Writer Dan Jurgens and artist Lan Medina continue to chronicle the adventures surrounding the Atlantean relics in the pages of "Aquaman and the Others" #2. The issue opens with another one-page peek into the past as Jurgens and Medina bring readers another page from Atlantis' history.
Medina's art is solid and mostly serviceable with occasional bursts of brilliance. The artist's best work comes with the close-ups afforded by Jurgens' script, as he is able to draw wild, exaggerated expressions that steal the panels they inhabit. Medina's characters all sport unique visages, but many of their body types blend together with only costumes and outfits to help add distinction. Matt Milla fills the book with color, but in the Others' scenes, his choices for sea and sky could use more variety.
Jurgens' story certainly offers readers plenty of subject matter variety, ranging from millennia-old tales of Atlantis to visits to the Ghost Lands, complete with conversations with deceased members of the Others. "Aquaman and the Others" #2 has plenty of formative team in-fighting to soak into and through the intriguing tale of the Others being hunted and every character has the opportunity to take a spin through the spotlight so Jurgens can remind readers who everyone is, why they're here and what connections might exist throughout the team. Before the issue finishes out, however, Jurgens also makes a more formal introduction of the apparent "bad guys" of this piece: Anton and Darya Solokov, a brother-sister pair bent on retrieving the "Atlantean gold." Their quest to acquire the gold has them seeking out Aquaman and the Others, who just so happen to be seeking out the Solokov's captive: Sayeh, the sister of the fallen seer from the Others, Kahina.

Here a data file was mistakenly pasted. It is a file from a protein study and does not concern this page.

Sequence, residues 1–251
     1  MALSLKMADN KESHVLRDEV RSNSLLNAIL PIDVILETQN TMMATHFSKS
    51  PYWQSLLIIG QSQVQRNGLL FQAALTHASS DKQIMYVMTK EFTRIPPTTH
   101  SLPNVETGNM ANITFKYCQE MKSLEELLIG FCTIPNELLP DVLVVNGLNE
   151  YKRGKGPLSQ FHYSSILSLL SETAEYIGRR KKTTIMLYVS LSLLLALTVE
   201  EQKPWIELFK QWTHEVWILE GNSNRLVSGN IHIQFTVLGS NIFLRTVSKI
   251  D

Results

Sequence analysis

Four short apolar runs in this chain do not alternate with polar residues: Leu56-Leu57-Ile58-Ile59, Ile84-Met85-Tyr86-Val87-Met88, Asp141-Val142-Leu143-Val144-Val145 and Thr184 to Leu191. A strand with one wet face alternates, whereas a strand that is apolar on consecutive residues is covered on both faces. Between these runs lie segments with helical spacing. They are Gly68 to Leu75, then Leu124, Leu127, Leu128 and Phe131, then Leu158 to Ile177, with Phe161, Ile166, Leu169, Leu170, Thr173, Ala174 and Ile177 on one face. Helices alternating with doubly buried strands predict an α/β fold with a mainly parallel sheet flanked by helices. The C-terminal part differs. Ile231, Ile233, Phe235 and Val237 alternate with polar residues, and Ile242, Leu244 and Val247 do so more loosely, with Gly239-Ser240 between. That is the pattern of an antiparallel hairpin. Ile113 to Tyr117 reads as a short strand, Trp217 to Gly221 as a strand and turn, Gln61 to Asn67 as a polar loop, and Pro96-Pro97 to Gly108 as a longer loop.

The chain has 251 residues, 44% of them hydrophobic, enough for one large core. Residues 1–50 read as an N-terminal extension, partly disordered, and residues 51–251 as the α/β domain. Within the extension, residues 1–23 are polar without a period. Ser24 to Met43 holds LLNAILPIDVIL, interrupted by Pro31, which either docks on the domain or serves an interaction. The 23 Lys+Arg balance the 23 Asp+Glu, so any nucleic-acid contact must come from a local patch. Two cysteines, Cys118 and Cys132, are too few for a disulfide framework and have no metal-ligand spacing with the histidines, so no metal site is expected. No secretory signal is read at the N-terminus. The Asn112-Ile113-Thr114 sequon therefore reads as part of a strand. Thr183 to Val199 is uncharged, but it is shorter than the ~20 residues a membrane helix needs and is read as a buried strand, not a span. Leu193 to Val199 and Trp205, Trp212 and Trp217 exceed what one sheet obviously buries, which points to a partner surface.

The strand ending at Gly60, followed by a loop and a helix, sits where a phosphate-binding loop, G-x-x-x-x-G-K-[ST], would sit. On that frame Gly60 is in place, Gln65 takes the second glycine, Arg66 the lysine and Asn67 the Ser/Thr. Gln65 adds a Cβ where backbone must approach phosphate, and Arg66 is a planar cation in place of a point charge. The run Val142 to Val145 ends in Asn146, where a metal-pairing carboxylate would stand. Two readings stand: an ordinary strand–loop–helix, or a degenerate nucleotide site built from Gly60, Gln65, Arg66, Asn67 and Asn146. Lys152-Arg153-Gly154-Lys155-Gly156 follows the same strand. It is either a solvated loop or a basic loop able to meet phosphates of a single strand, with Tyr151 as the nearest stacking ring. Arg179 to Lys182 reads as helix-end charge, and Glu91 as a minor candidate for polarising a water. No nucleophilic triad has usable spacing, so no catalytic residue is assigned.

I'm not sure what to make of this book after a pair of issues. It's nice to see Aquaman being used as the anchor of a team, but the overall vibe this book is giving me is very similar to how I felt about "Primal Force" following "Zero Hour": I like the concept, I like the creators, but I can't help but feel that there could be more or that this could be bigger. With the mystery and allure of the Atlantean relics, Jurgens and Medina pack a lot of story and development into "Aquaman and the Others" #2, including a nice little scene that showcases just how resourceful the King of Atlantis can be for his teammates. That team is on rocky terms to say the least, but they do unite strongly against a common foe, salting this comic book with cliché ideas a bit. In doing so, however, Jurgens is at least defining the personalities present on the team. Now that the challenge is met, Aquaman and the Others have a chance to take on a foe not steeped in history as a solo foe of Aquaman.